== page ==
Over the past 30 years, there has been a growing consensus in the strategic human resource management (HRM) literature about the need to focus on integrating HRM practices (Boon, Den Hartog, & Lepak, 2019). Considering the rapid changes in the environment and the challenges posed by technology, globalization, political, economic and health crises, such as the recent COVID-19 pandemic (Buengeler, Leroy, & De Stobbeleir, 2018), organizations would benefit from flexible HRM practices that encourage engagement, appreciation and motivation (Aktar & Pangil, 2018) that provide the development of employee well-being and resilience to promote a healthier and more productive organizational environment (Cooke, Dickmann, & Parry, 2020).

Research in the field of HRM has mainly focused on private organizations, while public organizations, which play an equally crucial role in the economy, remain relatively unexplored (Al Damoe, Hamid, & Sharif, 2017). Blom, Kruyen, Van der Heijden, and Van Thiel (2018) explained that, due to a lack of focus on their specific context, several public organizations have adopted traditional HRM practices from private organizations, such as recruitment and selection, training and development, performance appraisal and payment/remuneration (Boxall & Purcell, 2016), despite significant differences between the public and private sectors, suggesting an important gap regarding HRM practices in public organizations.

In addition, there is a lack of literature on specific scales validated with specific HRM practices for the public service. The study by Knies, Leisink, & van de Schoot (2020) covered the public sector, but the aim was to develop a scale to assess the people management construct, defined by the authors as the implementation of HR practices by line managers and their leadership behavior oriented toward supporting the employees they supervise.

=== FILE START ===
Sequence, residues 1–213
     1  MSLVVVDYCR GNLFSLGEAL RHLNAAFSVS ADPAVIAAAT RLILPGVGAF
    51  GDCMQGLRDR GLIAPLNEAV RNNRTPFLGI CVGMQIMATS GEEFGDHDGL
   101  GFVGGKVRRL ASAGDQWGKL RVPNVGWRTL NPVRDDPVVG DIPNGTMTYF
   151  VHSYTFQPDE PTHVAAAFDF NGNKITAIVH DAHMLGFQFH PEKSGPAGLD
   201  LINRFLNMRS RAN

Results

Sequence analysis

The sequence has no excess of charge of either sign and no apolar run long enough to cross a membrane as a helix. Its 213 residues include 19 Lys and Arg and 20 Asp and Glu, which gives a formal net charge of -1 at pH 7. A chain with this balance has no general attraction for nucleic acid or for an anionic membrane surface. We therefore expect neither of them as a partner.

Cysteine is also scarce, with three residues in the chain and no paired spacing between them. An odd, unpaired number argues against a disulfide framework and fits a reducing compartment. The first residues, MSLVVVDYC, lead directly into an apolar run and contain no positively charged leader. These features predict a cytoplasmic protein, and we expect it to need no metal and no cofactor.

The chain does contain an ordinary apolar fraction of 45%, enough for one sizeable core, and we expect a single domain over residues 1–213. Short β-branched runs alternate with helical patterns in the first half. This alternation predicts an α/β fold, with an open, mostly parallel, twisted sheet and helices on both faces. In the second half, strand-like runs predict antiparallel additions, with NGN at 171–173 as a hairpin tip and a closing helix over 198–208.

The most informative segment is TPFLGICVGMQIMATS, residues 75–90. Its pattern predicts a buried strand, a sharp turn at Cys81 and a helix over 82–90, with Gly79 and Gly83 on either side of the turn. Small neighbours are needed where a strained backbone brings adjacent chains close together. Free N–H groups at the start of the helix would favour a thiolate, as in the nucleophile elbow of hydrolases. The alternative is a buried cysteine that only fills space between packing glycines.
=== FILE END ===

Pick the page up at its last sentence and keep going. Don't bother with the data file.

Similarly, Vermeeren (2014) had already studied the role of line managers in implementing HRM and the influence of employee perceptions of HRM. To measure HRM practices, the author used the system of high-performance HR practices proposed by Lepak, Liao, Chung, & Harden (2006), which includes practices such as recruitment and selection, training and development, performance appraisal and rewards. However, Vermeeren (2014) stated that these practices have been used in previous research in many different settings, so no standard measurement instrument was available. Therefore, we used several items from various measures and indices available in the literature (e.g. Gould-Williams, 2003; Wright & Haggerty, 2005), outlining an important gap in the field. This gap was originally pointed out by Huselid (1995) and has been an agenda proposed by many authors, such as Boon et al. (2019) and Knies et al. (2020).

This context calls for the development of a specific, customized scale to assess HRM practices from the perspective of civil servants, laying the foundations for the research problem proposed in this paper:


How can we assess civil servants’ perceptions of the HRM practices implemented by the organizations where they work?

Thus, our study aims to obtain evidence of the validity and reliability of a measurement model of HRM practices contextualized for public organizations to bring greater integration of HRM practices and the needs of such organizations. We believe that our study makes an effective contribution by proposing the development of a reliable and valid scale of HRM practices tailored to the context of Brazilian public organizations.